An odd partnership of businesses and environmentalists is reacting strongly to the Environmental Protection Agency's plan to suspend for 90 days the federal ban on burying drums of hazardous liquid chemical waste. The EPA proposed a new rule that would allow up to 25 percent of landfills to be used for dumping of liquid waste containers.
The Hazardous Waste Treatment Council, which represents companies that specialize in disposing of chemical waste by means other than landfills, filed suit in federal court to block the action.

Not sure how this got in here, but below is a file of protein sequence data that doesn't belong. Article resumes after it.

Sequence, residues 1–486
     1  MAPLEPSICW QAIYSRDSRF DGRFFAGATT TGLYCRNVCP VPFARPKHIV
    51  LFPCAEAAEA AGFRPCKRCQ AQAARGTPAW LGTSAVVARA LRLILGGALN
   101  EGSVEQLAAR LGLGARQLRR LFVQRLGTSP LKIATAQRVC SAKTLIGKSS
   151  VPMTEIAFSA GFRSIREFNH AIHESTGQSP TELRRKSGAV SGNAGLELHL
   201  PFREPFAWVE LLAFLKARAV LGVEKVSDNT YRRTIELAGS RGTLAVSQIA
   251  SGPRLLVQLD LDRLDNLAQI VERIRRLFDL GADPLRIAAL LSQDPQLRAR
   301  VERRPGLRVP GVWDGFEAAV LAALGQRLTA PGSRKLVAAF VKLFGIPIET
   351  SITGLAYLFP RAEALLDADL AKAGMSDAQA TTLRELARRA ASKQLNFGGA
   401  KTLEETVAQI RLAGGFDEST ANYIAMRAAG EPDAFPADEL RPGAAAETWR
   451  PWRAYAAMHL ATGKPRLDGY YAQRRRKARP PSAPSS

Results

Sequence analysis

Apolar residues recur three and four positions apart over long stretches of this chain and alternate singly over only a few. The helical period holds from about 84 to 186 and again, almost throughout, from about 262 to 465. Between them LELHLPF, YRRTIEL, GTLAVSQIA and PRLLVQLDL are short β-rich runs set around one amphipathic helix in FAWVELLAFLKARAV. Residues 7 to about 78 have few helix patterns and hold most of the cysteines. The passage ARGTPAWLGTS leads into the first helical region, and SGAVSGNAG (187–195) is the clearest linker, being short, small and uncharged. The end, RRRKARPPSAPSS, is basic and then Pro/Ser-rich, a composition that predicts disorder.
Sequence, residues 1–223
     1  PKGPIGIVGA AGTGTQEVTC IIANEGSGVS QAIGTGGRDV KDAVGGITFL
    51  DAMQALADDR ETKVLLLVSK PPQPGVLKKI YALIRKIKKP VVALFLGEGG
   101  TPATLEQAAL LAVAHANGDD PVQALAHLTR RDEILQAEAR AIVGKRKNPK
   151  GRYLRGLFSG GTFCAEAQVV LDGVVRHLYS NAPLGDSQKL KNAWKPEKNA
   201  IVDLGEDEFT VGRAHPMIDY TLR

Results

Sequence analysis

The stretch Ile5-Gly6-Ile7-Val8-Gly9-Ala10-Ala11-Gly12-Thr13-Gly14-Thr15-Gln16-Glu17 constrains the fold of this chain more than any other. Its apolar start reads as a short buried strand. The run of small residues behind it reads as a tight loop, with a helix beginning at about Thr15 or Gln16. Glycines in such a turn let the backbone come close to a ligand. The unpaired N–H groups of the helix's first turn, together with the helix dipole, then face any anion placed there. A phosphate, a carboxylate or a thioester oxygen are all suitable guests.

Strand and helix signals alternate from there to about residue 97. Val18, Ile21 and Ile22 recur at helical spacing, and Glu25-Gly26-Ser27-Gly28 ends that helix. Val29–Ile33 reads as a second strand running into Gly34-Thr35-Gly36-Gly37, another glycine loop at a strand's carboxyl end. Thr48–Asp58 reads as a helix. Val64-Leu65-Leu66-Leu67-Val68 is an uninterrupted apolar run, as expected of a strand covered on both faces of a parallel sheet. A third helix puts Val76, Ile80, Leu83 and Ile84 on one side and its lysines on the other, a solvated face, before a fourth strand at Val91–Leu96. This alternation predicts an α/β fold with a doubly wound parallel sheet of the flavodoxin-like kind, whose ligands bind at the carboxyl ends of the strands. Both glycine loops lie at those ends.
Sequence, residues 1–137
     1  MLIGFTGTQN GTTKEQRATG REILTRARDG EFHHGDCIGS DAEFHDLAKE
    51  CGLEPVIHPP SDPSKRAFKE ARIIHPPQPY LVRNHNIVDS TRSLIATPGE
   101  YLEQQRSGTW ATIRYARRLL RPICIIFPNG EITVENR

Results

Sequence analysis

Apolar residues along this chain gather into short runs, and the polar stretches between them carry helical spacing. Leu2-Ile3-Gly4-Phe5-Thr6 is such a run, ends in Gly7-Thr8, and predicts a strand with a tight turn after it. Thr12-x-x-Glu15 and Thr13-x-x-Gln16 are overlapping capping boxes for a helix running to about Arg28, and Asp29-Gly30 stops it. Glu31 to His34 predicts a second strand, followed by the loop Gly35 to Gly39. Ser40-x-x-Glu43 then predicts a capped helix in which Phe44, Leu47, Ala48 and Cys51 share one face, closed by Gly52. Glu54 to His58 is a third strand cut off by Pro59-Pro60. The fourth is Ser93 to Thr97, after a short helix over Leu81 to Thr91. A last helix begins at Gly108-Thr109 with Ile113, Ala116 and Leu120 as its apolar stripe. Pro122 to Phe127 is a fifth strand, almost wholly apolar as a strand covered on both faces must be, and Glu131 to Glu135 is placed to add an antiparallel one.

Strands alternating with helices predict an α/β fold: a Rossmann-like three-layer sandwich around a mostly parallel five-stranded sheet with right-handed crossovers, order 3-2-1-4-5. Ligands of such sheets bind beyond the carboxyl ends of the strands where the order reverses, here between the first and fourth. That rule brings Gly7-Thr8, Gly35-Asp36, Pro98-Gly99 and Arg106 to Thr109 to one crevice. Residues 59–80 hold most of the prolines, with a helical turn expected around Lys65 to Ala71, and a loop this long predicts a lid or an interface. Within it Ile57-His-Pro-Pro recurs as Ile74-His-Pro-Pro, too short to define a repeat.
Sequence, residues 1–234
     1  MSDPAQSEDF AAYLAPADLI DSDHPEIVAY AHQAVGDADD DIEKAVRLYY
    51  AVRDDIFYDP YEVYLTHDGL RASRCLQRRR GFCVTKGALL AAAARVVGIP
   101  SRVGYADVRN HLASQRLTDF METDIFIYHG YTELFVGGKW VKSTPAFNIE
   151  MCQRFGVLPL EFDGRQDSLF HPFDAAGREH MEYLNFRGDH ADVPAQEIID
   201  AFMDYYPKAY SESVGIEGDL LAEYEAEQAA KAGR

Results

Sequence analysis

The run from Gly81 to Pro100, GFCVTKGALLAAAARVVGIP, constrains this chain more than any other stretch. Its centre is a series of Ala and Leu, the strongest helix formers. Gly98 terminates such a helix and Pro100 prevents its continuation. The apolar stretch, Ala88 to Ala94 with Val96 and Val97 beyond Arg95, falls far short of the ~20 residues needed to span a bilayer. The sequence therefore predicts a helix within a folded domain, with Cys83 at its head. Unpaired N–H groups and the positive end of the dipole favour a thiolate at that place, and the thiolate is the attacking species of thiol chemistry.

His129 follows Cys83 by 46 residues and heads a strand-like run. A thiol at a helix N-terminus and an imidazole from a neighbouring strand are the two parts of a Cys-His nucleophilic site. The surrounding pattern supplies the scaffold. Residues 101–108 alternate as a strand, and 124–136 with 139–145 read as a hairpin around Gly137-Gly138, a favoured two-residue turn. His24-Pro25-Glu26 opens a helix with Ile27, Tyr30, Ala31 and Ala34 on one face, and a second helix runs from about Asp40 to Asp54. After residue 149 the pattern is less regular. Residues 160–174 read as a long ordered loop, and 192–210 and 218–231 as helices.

Marvin Durning, an assistant EPA administrator during the Carter administration, said the 90-day suspension will probably turn out to be an indefinite one because of the length of the rulemaking process.
In filing suit on behalf of the council, Mr. Durning said there are millions of gallons of stored hazardous waste that could now be buried, because EPA has created ''a 3,000-mile-wide loophole.''
In announcing its action last week, the EPA said the ban on burying containers of liquid waste ''has drawn complaints from hazardous waste generators and facility owners and operators that the rule is unworkable and overly costly.''